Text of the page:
BWW Review: Go at Once to See STOMP at Providence Performing Arts Center
First of all, STOMP at the Providence Performing Arts Center (PPAC)is a complete hoot! I cannot remember anything I've ever seen that was more fun, more energetic, or more original. It's a totally non-verbal performance combining dance and percussion. The cast of eight performers make music out of everything from matchbooks, to cigarette lighters to, literally, the kitchen sink. In studio art, "found art" is making art out of whatever you might find anywhere, even a junkyard; STOMP is the found art of the stage. The performers start making music with brooms and end up with a percussive symphony on plastic and metal garbage cans. It is an amazing show. How do you find performers like these? Do you look for dancers who can play drums or drummers who can dance? Whatever, these eight took the crowd on a rousing one hour and forty-five-minute trip way out past our expectations. STOMP has some very funny moments, particularly in the audience participation segments and in the nerdy buffoonery of Joe White's character. This is a very kid friendly show-there were tons of kids in last night's audience, and they all seemed to be having as much fun as the adults.
The set looked like a junkyard with various and sundry articles hung on a huge wall. Eventually, every item on the wall was used to create sound and, come to think of it, happiness. The lighting worked well, especially in some of the juggling sequences.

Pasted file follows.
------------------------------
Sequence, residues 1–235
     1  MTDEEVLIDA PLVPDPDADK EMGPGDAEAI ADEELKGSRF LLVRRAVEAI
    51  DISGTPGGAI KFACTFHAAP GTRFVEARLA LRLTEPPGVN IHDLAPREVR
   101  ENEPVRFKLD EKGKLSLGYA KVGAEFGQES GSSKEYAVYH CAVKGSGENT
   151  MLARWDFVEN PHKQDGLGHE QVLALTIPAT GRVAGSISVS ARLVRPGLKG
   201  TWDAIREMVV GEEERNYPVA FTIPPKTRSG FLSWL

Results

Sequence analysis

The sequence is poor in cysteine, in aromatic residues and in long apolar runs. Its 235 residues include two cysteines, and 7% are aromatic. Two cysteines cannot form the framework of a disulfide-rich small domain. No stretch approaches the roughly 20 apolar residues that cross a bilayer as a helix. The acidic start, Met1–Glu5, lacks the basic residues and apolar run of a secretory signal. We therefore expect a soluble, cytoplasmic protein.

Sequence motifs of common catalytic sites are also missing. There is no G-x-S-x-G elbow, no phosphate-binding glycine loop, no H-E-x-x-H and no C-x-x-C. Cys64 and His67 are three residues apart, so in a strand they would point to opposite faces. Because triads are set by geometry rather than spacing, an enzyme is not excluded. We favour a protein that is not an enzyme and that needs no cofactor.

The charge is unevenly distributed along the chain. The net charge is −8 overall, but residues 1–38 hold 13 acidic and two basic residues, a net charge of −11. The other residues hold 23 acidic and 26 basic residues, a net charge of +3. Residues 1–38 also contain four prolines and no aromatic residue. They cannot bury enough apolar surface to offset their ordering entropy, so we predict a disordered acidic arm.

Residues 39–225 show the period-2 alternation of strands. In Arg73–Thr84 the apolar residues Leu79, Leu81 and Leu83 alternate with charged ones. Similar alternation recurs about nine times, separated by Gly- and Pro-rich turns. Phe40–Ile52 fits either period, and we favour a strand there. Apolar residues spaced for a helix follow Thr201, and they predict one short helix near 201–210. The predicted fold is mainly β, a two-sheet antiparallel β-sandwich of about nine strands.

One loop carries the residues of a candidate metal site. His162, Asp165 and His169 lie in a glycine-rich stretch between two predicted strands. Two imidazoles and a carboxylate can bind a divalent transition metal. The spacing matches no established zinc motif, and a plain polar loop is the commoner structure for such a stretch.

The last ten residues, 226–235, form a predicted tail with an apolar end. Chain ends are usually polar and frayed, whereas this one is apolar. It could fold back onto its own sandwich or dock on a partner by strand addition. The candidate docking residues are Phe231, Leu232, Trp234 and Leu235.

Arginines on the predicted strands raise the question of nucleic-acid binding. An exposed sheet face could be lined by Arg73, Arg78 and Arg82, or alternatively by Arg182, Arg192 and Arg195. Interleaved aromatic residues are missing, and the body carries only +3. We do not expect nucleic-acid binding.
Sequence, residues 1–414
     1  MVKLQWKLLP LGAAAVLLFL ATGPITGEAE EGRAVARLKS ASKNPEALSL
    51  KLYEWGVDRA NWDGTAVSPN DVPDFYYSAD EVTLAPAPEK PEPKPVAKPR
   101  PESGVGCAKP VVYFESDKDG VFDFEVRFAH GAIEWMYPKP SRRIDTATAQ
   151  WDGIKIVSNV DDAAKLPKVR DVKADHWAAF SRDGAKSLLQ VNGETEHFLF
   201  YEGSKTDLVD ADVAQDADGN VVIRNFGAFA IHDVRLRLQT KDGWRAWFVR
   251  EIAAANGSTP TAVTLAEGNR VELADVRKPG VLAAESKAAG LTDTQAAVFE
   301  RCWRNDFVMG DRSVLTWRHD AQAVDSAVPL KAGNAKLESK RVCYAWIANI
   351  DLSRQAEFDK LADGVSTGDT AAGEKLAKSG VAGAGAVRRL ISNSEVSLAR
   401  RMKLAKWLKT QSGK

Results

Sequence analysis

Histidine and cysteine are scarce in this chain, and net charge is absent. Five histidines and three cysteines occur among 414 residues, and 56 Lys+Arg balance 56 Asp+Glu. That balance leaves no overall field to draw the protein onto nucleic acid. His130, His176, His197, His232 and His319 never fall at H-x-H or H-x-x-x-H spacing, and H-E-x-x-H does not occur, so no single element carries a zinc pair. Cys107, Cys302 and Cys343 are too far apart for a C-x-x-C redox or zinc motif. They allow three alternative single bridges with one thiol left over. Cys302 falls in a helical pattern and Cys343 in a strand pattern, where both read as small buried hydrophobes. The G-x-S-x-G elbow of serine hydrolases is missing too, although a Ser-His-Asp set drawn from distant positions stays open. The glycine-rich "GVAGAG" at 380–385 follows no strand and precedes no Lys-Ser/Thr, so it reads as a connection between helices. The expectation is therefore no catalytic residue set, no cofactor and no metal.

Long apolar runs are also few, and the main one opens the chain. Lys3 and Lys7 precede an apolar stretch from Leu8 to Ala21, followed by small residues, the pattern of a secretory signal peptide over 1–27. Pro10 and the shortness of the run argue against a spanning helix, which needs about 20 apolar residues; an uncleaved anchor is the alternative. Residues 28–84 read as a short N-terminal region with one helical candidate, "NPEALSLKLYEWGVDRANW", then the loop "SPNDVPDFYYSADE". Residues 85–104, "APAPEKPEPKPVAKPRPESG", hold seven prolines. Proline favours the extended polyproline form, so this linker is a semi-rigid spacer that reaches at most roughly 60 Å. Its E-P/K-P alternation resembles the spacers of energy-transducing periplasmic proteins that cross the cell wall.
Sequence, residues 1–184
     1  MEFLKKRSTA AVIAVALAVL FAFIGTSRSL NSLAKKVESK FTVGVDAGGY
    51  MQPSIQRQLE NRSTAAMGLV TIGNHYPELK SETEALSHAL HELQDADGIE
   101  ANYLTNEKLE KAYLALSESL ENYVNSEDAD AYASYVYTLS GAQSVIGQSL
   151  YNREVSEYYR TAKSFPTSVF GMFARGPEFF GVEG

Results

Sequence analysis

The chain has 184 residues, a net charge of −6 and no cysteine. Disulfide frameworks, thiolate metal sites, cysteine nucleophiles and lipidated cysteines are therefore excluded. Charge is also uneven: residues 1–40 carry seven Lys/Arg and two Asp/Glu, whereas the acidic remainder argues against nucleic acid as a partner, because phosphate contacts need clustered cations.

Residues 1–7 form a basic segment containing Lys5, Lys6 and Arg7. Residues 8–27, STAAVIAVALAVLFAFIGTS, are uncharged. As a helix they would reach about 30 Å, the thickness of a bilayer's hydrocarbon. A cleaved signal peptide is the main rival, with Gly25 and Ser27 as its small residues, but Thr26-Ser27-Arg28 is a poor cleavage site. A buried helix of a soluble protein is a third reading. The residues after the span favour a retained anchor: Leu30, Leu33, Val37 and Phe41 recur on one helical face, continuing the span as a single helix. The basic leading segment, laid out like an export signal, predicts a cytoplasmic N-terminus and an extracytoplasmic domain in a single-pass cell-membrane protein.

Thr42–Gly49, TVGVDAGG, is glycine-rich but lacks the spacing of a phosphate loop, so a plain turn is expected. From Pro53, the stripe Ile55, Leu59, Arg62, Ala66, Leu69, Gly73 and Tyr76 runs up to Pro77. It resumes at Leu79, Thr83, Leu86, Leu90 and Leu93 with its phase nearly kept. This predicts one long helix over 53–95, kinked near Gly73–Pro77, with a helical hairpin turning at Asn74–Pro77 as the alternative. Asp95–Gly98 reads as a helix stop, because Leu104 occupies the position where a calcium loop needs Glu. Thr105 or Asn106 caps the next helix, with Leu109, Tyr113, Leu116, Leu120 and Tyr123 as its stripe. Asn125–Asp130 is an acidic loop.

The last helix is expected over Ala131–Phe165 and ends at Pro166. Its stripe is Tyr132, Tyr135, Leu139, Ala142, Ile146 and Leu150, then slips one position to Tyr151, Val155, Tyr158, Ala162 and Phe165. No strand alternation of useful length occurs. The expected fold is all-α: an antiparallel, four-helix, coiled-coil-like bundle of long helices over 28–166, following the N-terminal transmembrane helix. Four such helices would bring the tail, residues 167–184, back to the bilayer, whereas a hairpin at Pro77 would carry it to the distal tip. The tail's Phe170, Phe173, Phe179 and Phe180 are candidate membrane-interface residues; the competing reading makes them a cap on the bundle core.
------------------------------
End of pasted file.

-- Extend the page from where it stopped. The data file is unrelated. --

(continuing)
So I think it was a great show, does anybody else? STOMP was created by Steve McNicolas and Luke Creswell in the United Kingdom in 1991. Between 1991 and 1994, the original cast played to capacity audiences around the world. The touring culminated in a season at Sadler Well's Theatre in London in January 1994, where Stomp received an Olivier nomination for the "Best Entertainment Award and won "Best Choreography Award in a West End show." STOMP began its run at the Orpheum Theatre in New York City in February 1994, winning an Obie Award and a Drama Desk Award for Most Unique Theatre Experience, and has been running ever since. By the summer of 1994, the first American cast was in place at the Orpheum, freeing the original cast for a tour of North America and Japan. This is a really good time.
Stomp closes tonight at 8;00 at PPAC, 220 Weybosset St. Providence. Tickets begin at $36.00. The box office can be reached at (401) 421-2787 or online at www.ppacri.org. PPAC is a beautiful facility, completely accessible wit completely accessible bathrooms. It was not a packed house last night, so you still might be able to get tickets. Go ahead-you'll have a blast.